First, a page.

On the Ball -- The sports blunder down under
As Americans, when it comes to sports, it’s so incredibly easy to get wrapped up in our lifestyle and what we think of as the norm. Highlights and news in football, baseball, basketball and hockey have become the daily routine for sports fans in the United States. But after taking a step outside of our world, it’s obvious that the games, sports and lifestyles that we perceive as strange are an everyday occurrence elsewhere.
After a few days passed during my once-in-a-lifetime vacation to Australia, I found myself yearning for the sports coverage I was accustomed to each and every day. And, sure enough, there was plenty I had missed.
In the NFL, the Saints got a hefty slap for their “Bountygate” scandal, Petyon Manning found a home in the Rocky Mountains, and the most talked-about athlete last season, the now-former Broncos quarterback Tim Tebow, will now be enjoying the bellows led by New York super-fan “Fireman Ed” as he orchestrates the crowd in the infamous “J-E-T-S, JETS, JETS, JETS!” chant. Baseball’s spring training also continued to draw curious eyes in the MLB, with less than two weeks before the league’s opening day.
In college hoops news, my men’s NCAA bracket was slowly deteriorating as Michigan State, Missouri and Duke were upset in early rounds. A Kansas victory over the University of North Carolina earlier this week all but converted my bracket print-out into toilet paper – which does, in fact, spin clockwise when flushed down here!
The NBA postseason, now only weeks away, is drawing widespread speculation, as the Oklahoma City Thunder and Chicago Bulls lead their respective conferences, and the San Antonio Spurs and Miami Heat follow hot on their heels, while, on the ice, the NHL teams’ quest to make the playoff cut begin to come into view.
But Aussies can’t be bothered by such inconsequential stories. In the world of sports down under, rugby is king, playing on all the pub televisions and soliciting a large following of dedicated fans. Netball is essentially a game of basketball played without a backboard. In Australian’s opinion, Aussie-rules football is far superior to our rendition of the game.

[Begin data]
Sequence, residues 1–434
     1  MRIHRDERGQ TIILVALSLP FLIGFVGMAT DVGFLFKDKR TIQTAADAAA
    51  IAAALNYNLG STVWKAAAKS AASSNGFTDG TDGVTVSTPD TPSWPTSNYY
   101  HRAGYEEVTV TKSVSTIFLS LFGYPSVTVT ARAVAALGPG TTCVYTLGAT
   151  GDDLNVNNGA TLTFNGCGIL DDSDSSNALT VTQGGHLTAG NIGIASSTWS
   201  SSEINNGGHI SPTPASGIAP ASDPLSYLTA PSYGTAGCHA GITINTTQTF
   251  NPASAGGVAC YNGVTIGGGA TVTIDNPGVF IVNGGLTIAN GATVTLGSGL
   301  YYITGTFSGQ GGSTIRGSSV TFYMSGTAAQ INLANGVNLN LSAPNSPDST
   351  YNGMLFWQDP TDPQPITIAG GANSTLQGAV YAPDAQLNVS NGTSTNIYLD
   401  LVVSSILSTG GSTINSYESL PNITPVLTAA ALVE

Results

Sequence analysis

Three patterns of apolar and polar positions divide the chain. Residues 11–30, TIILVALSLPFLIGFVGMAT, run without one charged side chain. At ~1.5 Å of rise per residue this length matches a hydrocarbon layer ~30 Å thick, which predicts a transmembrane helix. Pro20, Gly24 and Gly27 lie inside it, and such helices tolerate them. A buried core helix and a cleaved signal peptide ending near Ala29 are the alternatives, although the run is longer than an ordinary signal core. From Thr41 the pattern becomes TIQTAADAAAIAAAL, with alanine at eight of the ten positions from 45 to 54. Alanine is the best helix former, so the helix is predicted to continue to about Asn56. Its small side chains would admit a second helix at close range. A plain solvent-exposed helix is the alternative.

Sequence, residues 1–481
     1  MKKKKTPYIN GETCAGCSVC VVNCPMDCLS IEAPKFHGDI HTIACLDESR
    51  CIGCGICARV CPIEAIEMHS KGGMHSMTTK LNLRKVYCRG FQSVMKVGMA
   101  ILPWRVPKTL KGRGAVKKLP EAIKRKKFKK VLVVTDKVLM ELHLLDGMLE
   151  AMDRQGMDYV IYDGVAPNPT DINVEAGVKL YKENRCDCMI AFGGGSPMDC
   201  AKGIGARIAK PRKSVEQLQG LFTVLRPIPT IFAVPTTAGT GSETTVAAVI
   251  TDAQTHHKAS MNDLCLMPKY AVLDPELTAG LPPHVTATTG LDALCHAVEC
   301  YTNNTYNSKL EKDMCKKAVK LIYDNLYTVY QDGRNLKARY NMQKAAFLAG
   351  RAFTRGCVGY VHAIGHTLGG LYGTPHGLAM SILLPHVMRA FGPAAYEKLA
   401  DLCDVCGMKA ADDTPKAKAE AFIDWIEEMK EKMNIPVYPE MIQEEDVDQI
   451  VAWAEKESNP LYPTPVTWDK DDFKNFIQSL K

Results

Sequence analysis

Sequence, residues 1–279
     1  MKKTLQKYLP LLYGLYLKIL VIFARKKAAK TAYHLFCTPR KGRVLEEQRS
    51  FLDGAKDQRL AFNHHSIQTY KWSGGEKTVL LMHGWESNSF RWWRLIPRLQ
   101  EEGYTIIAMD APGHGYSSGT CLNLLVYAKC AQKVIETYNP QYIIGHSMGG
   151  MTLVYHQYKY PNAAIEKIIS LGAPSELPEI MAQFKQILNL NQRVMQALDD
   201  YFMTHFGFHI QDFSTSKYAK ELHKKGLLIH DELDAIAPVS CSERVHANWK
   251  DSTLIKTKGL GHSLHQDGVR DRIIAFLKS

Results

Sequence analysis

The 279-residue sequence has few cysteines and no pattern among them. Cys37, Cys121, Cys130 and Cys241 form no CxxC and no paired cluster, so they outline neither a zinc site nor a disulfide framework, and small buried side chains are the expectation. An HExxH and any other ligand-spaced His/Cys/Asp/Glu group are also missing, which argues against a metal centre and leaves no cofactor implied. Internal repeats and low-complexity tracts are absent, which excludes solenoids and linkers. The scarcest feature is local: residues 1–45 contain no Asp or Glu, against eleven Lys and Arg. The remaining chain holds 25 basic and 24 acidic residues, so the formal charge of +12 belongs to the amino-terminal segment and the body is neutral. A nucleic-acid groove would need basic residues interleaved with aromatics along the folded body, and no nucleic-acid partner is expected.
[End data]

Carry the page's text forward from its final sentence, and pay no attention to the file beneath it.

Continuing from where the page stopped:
Soccer, or “footy,” is another popular favorite here, begging the age-old question of why the United States still hasn’t fully embraced the most widely played sport in the world. And cricket – a game that I will never fully grasp, no matter how many times I try to watch it – is developing into one of the most recognized sports on the planet (second-most popular, behind only soccer), with matches that often extend to days at a time.
There are still plenty of parallels between America and Australia when it comes to sports and games.
Some of the world’s best to step onto the tennis courts, walk the golf links and sit up at the poker tables are Australians. ESPN is still available here (thankfully), and other than some sportscasters sporting an Aussie accent, much of the daily broadcast is the same.
But as tempting as it is to watch the Cronulla-Sutherland Sharks earn a try from a scrum against the New South Wales Waratahs (that’s rugby talk for you) or to indulge in watching the West Indies bowler try to find the wickets and dismiss the Australians before the batsmen reach the creases (cricket is a confusing game, huh?), I learned that sometimes you have to appreciate the simple things in life.
So for now, I will be basking in the Aussie sun – sunbaking, as they call it – along the shores of Byron Bay, dreaming of the stories and games that await my return to the States next week, while nearby the surfers spend their day in the rolling waves. Until then, g’day, mates!